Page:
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ALBANY -- The Cuomo administration, state Assembly and Senate now are involved in negotiations over proposals to legalize marijuana for medicinal purposes, officials said Thursday, though Gov. Andrew M. Cuomo himself expressed strong reservations.
Notwithstanding the governor's doubts, the talks signal the issue is moving. Sen. Diane Savino (D-Staten Island), sponsor of the medical-marijuana bill, noted that a key Senate committee is no longer bottling up her proposal and said she's confident the chamber will vote on it before it adjourns next Thursday.
"It's moving," Savino told reporters. "We will have a final product in time for the end of this legislative session."
The Democrat-dominated state Assembly routinely has approved medical marijuana proposals only to see them die in the now politically split Senate. But the issue has taken on new momentum this year -- especially as more than 20 other states have approved it.
Cuomo, once a clear opponent, has continued to soften his stance on medical marijuana. Earlier this year promised to launch a research program. He said he preferred that approach to a more expansive proposal backed by many legislators.
He has said he could approve Savino's bill if it had the proper controls. Thursday, he said he still has questions.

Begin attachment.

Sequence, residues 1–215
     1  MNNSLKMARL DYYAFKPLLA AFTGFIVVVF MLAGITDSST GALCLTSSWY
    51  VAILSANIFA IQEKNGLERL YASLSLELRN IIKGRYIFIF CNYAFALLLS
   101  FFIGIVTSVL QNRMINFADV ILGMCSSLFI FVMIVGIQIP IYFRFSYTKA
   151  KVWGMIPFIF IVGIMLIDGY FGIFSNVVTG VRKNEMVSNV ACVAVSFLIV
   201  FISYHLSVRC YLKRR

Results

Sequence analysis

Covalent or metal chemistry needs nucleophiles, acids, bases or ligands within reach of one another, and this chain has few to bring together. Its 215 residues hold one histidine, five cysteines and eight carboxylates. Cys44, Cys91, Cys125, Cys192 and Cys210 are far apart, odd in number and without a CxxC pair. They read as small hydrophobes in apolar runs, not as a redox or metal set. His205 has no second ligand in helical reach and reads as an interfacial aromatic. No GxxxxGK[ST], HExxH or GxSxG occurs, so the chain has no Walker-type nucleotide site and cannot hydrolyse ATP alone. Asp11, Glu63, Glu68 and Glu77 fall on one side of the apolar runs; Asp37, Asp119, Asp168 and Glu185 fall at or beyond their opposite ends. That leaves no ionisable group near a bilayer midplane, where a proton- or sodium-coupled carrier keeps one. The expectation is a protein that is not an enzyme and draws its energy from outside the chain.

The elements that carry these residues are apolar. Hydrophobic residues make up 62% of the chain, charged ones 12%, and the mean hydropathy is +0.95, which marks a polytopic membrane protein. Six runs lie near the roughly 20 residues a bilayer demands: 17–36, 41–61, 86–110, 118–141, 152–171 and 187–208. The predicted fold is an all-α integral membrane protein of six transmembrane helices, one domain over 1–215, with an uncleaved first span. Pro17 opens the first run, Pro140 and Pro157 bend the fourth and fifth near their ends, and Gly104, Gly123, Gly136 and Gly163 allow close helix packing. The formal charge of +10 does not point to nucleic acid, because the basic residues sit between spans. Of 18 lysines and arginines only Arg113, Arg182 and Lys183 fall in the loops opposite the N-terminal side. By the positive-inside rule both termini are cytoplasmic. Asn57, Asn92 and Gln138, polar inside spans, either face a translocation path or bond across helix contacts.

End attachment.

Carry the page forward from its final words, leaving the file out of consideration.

"We have serious questions about the bill as put forth, but we're talking about it," Cuomo said in a radio interview. "You're talking about a system that will grow, sell, distribute marijuana, and this raises a lot of questions, makes law enforcement very nervous."
Earlier this week, Sen. John DeFrancisco (R-Syracuse) said he wouldn't let the bill out of the Finance Committee, which he leads. Thursday, Savino said the bill was transferred to the Rules Committee, bypassing DeFrancisco and setting the stage for a possible vote next week.
Savino has amended her bill more than once to accommodate some of her colleagues. Among other things, her proposal would prohibit anyone younger than 21 from receiving medical marijuana in cigarette form and ban the marketing of edible marijuana in candy forms that could entice children. She said Cuomo's office has raised issues, too, though she didn't elaborate.
"Concerns have been raised by the governor's office," she said. "We believe some of them are answerable in the bill itself and we're open to input from the governor. I've said from the beginning, the governor's input has been critical to this because at the end of the day, it's his signature that's going to make for the tightest, most regulated medical marijuana program in the country."